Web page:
Voluble and silent, funny and grim.
Sep 11, 2006, Vol. 11, No. 48 • By JOHN SIMON
Beckett's relations with women were peculiar. The set designer Jocelyn Herbert, a close friend, commented savvily on Sam's marriage. He had met the pianist Suzanne Deschevaux-Dumesnil in 1937 and became involved with her. But he did not marry her till 1961, then stayed married until her death in 1989.
"A lot of it," Herbert said, "was gratitude and loyalty. I think he felt remorse for . . . so many friends he got drunk with. She didn't drink. And he had after all endless other women."
What about them? The title of an early Beckett novel, A Dream of Fair to Middling Women, reveals much. Sam's beloved mother had a cigar-store-Indian face. Suzanne was no less homely; "a stumpy little woman," Esslin called her. Cousin Peggy in Kassel could at least pass for fair to middling. In Paris, Peggy Guggenheim was decidedly plain. Of the lovers I know about, only the Joyces' daughter Lucia was good-looking; is it significant that she was to go mad? Looks, evidently, did not matter much. The German actress who starred in Berlin's Happy Days recalled, "All women, including myself . . . had the feeling that they had to shelter him, to embrace him . . . as a human being, not necessarily as a man." But how many steps from one kind of embrace to the other?
To his frequent leading lady, Billie Whitelaw, then in a London revival of Happy Days, he complained that he "only recently realized how much [he] disliked it: particularly the first act." But actors adored acting for him, however exacting a director he was. Thus Horst Bollmann, the Berlin Estragon: "I consider that my encounter with Beckett is reward enough in itself for having been an actor all my life." So many performers noted that within the rigors imposed by Beckett's directing, they could most truly express themselves. This was especially true in the numerous productions performed in prisons by the inmates, who found the various confinements of Beckett's characters particularly applicable to themselves.
Beckett strongly disagreed with Wittgenstein's assertion that, about what cannot be said, one must remain silent: "That is the whole point. We must speak about it." Yet such hard, desperate pursuit in the work did not preclude pleasures in life, where hedonism mingled with asceticism. Beckett enjoyed his whisky and brandy to the extent of forcing them on his guests. Forbidden drink while he was getting vitamin injections, he exclaimed, "It is a bugger of a bastard of a bitch. . . . I'll make up for it later."
But you could not pay for a drink in his company; his generosity was legendary. He distributed his Nobel Prize money among his penurious friends. To Roger Blin, along with the hefty check, he wrote, "Neither thanks nor 'no.'" And always welcome, too, was his enduring wit. Told that "you pack a lot into a two-page text," he shot back, "I also pack a lot out." When his friend, the writer Raymond Federman, solicited him for a prestigious interview in The Paris Review, back came a one-line answer: "Dear Raymond, Sorry, I have no views to inter."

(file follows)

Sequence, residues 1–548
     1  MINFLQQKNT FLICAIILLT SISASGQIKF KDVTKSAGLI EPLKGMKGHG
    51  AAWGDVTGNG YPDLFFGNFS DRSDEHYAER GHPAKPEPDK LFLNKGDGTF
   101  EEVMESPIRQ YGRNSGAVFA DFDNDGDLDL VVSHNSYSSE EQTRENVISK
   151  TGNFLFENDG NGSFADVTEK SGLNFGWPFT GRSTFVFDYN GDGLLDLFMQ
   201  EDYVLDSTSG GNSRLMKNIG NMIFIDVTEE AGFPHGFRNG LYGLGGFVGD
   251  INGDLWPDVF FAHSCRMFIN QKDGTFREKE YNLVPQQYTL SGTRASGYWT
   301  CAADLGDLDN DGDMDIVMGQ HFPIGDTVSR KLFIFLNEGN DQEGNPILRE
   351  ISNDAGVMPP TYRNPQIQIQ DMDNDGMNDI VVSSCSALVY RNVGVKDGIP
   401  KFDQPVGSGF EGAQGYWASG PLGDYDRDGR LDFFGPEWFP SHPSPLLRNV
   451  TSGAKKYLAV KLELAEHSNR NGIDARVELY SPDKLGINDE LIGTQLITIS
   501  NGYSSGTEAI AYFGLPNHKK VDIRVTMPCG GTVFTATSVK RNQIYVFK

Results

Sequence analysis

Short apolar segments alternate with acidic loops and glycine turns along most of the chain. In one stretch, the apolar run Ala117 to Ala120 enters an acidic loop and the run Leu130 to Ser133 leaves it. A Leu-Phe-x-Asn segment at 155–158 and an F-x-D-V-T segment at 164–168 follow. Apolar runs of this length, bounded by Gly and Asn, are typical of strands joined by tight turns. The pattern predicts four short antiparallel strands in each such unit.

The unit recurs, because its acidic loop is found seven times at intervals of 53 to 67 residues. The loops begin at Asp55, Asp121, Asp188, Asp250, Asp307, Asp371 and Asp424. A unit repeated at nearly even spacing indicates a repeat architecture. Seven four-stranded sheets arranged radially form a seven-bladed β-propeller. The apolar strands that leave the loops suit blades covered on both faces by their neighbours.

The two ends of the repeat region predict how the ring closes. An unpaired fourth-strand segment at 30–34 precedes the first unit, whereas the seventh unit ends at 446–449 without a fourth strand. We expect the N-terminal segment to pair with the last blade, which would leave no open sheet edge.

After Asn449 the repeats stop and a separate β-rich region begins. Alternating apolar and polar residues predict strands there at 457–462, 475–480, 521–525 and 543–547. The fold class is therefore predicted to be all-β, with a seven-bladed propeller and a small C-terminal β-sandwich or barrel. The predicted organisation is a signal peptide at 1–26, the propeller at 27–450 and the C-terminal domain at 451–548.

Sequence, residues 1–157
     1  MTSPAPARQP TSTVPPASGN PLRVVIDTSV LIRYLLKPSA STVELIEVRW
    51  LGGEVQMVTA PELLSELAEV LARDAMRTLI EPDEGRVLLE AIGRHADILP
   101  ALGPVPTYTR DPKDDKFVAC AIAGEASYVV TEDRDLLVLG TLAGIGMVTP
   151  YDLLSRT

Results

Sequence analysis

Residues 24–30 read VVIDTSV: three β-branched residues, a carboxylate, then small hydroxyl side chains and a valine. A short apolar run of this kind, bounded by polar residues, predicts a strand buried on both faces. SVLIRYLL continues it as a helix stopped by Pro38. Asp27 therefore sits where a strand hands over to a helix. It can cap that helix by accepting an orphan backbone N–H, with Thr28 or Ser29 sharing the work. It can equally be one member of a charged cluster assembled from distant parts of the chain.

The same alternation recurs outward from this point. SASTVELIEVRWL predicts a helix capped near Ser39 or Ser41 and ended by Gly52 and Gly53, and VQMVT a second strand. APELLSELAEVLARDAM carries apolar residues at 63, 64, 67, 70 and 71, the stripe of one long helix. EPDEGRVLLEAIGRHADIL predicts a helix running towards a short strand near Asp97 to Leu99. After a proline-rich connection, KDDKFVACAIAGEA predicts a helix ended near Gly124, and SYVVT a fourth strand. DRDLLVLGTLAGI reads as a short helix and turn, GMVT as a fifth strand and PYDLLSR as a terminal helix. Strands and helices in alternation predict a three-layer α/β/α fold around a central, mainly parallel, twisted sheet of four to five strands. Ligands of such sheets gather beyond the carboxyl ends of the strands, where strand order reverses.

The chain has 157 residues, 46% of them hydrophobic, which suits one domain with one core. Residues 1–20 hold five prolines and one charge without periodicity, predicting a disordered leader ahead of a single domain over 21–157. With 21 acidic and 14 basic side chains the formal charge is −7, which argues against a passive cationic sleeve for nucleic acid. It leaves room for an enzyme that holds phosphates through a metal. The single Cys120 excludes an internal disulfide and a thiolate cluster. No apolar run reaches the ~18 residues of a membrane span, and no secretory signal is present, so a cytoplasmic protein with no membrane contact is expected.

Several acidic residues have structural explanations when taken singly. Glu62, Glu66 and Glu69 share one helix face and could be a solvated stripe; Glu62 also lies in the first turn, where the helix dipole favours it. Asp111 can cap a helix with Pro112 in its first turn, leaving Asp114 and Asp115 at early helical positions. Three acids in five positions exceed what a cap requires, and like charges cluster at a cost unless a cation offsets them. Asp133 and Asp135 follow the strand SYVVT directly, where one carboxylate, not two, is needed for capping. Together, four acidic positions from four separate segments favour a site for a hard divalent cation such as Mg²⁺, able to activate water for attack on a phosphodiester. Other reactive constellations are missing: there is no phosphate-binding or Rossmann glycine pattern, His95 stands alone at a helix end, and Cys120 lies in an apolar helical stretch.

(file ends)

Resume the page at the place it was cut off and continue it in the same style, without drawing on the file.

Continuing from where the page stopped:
James Knowlson's account of Beckett's last phase, eventually in an old folks' home, is enormously moving. Sam was still writing, though he found it "very painful, very difficult. . . . It gets harder and harder to write a line that's honest." As the writer and filmmaker Anthony Minghella put it, "I think the healing [laughter] gradually disappeared from his writing. [But] no matter how miserable or dark or cruel it appears, his work is also profoundly uplifting. It's honest, naked, leavened with mischief. And full of pity."
Beckett admired Proust (though his book about Proust's work is impenetrable), Sean O'Casey, Goethe, and Yeats, and could quote, always in context, Yeats, Joyce, Verlaine, Rimbaud, Nicolas Chamfort, even the now almost forgotten Jose Maria de Heredia. He would recite a whole Mallarmé sonnet on a walk with friends. Rightly, he preferred Camus to Sartre.
"What remains is music," he said. The list of the composers he liked is impressive, stretching from Haydn to Webern, but excluding Bach and all of Wagner save Tristan. Strauss's Four Last Songs, Berg, and Bartok also made the cut. Fine arts similarly mattered. In Berlin, Ruby Cohn reports, he knew what was in every gallery. He sent her to see Caspar David Friedrich's Two Men Observing the Moon, which he, perhaps whimsically, claimed was the inspiration for writing Godot. He liked Kokoschka's early work very much, the later stuff less. He could recall exactly a Poussin in Ireland's National Gallery. And to the very end, he was interested in what was going on in the world.
As I reflect on his career, I note that, early in life, Beckett told a friend, "I'm not interested in the normal. I'm only interested in the abnormal." Though Beckett Remembering/Remembering Beckett doesn't mention it, the last thing he wrote was a poem called "Comment dire," which he translated as "What Is the Word." Perfect bookends.
In an abnormal world such as ours, abnormality commands attention. But for the writer, the first and last problem is to find the right words. Beckett, as nearly as anyone, found them.
John Simon writes about theater for Bloomberg News.